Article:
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How To Avoid The 3 p.m. Slump

Follow these tips to turn your worst hour into your most productive.

How To Avoid The 3 p.m. Slump
[Photo: CSLD on Shutterstock]

Is this a familiar scene? It’s after lunch, you still have a few hours left in the workday, but you’re blankly staring at your computer screen, feeling like you need a nap.

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The 3 p.m. slump is a common occurrence in every office. The feeling can be blamed on circadian rhythms that regulate our sleep patterns. Our bodies’ sleep signals peak during the afternoon, making us crave a nap. What we eat and how much we drink during the day also impact our energy levels around this time of day. While you may be tempted to grab a soda, coffee, candy bar, or another pick-me-up to push through the day, these quick fixes can leave you feeling even more tired. Try these 3 p.m. slump ideas instead:

Get Moving

Although it may be the last thing you want to do when you’re feeling sluggish, moving is the best way to give your brain and mood a boost. Take a quick walk or go up a few flights of stairs to get your blood pumping. Don’t worry, you don’t need to break into a sweat to get the benefits of increasing your blood flow. “Brief bouts of outdoor exercise have been found to improve our moods and reduce stress,” says Danna Korn, CEO of Sonic Boom Wellness. A quick walk around the block can help you return to your desk more energized and focused.

Do Easy Tasks

Save the easiest tasks on your to-do list for your toughest hour. “If you’re feeling sluggish, you won’t be able to do your best work,” says psychologist Dr. Ethan Gregory. Getting the simple stuff done at a time when you’re not at your best performance level ensures you still remain productive throughout the day and don’t lose an hour of the workday fighting off fatigue while trying to accomplish something challenging.

Play A Tune

Music has been shown to contain a host of mental health benefits and can help you focus. Music boosts levels of the neurotransmitter dopamine–that “feel-good” brain chemical that puts us in a good mood. Dopamine also stimulates motivation and focus, helping to power you through the afternoon.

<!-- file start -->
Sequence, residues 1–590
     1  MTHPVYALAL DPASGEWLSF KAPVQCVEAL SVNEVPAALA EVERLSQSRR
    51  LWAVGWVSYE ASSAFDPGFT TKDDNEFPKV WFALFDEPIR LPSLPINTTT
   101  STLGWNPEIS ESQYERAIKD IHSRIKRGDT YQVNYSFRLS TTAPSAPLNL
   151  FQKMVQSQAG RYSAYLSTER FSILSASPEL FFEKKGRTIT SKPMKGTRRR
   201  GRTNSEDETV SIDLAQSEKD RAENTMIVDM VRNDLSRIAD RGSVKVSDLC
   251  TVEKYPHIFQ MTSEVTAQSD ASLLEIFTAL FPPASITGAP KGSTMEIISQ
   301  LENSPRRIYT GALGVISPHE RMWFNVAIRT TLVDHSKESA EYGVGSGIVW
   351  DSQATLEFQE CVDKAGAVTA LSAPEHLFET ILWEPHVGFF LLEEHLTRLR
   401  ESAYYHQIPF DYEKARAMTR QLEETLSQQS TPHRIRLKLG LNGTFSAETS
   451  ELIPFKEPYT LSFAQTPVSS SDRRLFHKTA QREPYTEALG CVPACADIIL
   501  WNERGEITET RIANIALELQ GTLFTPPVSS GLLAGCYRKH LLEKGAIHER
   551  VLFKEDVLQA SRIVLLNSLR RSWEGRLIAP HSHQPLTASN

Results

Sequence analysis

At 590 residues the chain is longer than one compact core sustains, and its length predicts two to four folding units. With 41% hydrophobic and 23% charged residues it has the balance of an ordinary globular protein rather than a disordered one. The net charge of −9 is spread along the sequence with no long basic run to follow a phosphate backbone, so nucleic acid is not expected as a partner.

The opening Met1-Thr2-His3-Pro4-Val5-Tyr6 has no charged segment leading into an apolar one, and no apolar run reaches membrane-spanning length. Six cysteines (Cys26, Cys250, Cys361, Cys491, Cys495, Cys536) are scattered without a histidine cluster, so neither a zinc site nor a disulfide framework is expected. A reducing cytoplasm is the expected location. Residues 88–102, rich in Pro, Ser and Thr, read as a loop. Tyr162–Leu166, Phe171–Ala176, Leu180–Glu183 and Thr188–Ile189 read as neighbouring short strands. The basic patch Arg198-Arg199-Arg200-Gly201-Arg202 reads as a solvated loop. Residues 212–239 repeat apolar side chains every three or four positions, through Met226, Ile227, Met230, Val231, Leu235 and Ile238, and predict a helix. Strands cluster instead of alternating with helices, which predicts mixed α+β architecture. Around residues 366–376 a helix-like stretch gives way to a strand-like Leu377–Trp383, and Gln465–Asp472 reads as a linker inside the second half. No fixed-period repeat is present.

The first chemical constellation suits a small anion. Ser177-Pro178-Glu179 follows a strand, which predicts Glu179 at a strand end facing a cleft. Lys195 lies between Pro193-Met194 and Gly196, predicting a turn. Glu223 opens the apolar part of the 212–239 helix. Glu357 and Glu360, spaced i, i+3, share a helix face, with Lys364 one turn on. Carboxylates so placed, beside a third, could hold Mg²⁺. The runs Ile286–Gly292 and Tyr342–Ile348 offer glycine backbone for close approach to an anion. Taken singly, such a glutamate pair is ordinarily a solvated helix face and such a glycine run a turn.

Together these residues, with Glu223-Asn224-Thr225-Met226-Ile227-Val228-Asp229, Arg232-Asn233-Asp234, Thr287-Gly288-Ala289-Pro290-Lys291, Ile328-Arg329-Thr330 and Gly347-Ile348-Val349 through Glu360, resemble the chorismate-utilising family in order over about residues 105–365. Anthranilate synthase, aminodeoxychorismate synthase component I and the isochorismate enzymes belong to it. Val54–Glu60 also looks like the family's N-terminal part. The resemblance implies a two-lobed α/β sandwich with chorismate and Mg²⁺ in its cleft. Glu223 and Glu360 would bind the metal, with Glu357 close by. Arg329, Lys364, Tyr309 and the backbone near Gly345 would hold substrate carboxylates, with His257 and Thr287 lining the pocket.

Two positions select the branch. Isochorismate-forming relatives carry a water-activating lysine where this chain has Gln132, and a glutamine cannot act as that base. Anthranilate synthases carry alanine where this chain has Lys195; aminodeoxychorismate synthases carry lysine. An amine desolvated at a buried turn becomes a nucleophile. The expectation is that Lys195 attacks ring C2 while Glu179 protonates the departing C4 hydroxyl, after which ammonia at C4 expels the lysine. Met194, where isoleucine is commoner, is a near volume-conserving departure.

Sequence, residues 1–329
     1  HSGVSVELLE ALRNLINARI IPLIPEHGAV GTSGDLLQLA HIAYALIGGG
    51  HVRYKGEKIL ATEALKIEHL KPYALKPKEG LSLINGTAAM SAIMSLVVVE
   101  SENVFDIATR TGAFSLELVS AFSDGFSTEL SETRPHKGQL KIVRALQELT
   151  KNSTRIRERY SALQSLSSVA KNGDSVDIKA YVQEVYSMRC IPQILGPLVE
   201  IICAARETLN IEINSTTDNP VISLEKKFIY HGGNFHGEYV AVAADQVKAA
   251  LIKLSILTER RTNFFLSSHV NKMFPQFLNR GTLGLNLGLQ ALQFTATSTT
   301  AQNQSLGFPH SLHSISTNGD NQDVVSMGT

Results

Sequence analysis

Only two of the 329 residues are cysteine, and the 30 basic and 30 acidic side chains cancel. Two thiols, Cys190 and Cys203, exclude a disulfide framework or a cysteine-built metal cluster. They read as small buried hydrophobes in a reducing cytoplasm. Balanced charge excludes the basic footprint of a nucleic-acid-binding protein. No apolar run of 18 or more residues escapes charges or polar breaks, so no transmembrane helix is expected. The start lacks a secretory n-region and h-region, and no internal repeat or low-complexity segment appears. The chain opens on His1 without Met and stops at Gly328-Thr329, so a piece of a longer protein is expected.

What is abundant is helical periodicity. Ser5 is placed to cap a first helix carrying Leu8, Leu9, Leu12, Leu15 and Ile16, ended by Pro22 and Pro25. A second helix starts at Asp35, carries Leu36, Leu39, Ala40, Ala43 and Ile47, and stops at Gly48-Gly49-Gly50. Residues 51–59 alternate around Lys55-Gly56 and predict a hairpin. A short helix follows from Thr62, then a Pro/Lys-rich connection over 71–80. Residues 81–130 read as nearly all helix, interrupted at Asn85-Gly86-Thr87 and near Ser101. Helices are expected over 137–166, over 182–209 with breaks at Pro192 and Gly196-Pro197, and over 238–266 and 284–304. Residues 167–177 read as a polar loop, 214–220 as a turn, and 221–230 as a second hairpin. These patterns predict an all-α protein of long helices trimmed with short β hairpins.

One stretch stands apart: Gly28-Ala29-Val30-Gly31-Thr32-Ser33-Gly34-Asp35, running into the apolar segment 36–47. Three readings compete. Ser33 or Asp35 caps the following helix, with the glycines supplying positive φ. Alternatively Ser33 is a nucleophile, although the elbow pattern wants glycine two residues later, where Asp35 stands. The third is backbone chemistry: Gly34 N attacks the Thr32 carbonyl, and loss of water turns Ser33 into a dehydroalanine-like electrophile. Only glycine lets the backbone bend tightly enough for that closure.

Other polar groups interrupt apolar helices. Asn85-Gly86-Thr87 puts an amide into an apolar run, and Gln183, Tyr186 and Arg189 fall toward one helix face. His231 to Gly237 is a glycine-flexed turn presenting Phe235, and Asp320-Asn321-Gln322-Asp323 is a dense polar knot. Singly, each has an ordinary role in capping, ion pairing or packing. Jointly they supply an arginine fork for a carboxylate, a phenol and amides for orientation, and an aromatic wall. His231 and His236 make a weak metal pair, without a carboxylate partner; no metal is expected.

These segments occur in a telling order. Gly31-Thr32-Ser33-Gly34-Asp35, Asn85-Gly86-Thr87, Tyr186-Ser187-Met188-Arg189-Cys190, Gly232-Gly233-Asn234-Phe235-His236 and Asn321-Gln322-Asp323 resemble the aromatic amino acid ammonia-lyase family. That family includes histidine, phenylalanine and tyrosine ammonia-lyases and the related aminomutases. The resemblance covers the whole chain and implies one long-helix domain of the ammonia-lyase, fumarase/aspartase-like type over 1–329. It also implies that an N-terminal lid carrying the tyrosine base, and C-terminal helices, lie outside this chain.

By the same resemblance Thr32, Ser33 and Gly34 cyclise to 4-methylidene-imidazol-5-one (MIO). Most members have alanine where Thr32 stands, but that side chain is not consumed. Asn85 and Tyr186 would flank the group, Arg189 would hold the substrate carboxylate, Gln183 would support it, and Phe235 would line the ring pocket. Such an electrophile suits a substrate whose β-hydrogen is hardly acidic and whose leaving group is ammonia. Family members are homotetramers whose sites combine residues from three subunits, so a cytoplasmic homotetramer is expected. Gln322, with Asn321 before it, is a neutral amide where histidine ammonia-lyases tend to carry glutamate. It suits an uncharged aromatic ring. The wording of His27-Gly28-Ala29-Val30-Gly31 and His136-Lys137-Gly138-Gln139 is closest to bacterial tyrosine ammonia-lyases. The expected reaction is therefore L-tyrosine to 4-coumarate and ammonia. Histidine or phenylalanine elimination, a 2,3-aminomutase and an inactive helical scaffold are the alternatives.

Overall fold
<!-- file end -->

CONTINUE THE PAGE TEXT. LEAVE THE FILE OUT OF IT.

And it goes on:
Drink Water

“Afternoon sluggishness and headaches and lack of concentration can often be tied to dehydration,” says Korn. “A full glass of water will fuel your afternoon better than any candy dish can.” Keep a water bottle close by to remind yourself to continually hydrate.

Lighten Up Your Lunch

Digesting a massive lunch takes a lot of resources from your body and can cause you to fall into a food coma by 3 p.m. “How we feel at 3 p.m. is a direct result of how we ate at noon,” says Korn. Avoid pastas, breads, cheeses, and fatty fast-food options, and instead opt for a light sandwich or wrap, rice bowl, salad with protein, and other whole grain/protein combos. The afternoon slump is often caused by a drop in blood glucose causing you to crave a sugary treat.

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If you need a snack at 3 p.m., Korn recommends some low-glycemic food such as apples. “Their significant but not excessive levels of natural sugar team up with a slew of slow-releasing vitamins to provide an alertness effect that rivals what coffee provides,” she says. Nuts, which keep your brain and belly more satisfied, or Greek yogurt, which contains more protein and less sugar than typical yogurt and will give you more sustained energy throughout the afternoon, are other great mid-afternoon snack options.

Take Your Work Elsewhere

If you feel the slump coming on, try moving to a different work location such as a collaborative area in your office, or even a local coffee shop. This change in scenery gives you a different set of stimuli that can wake up your brain. A standing desk is another great option to fight off mid-afternoon fatigue, as these increase your blood flow, boosting your overall mood and helping you to focus.

About the author

Lisa Evans is a freelance writer from Toronto who covers topics related to mental and physical health. She strives to help readers make small changes to their daily habits that have a profound and lasting impact on their productivity and overall job satisfaction.

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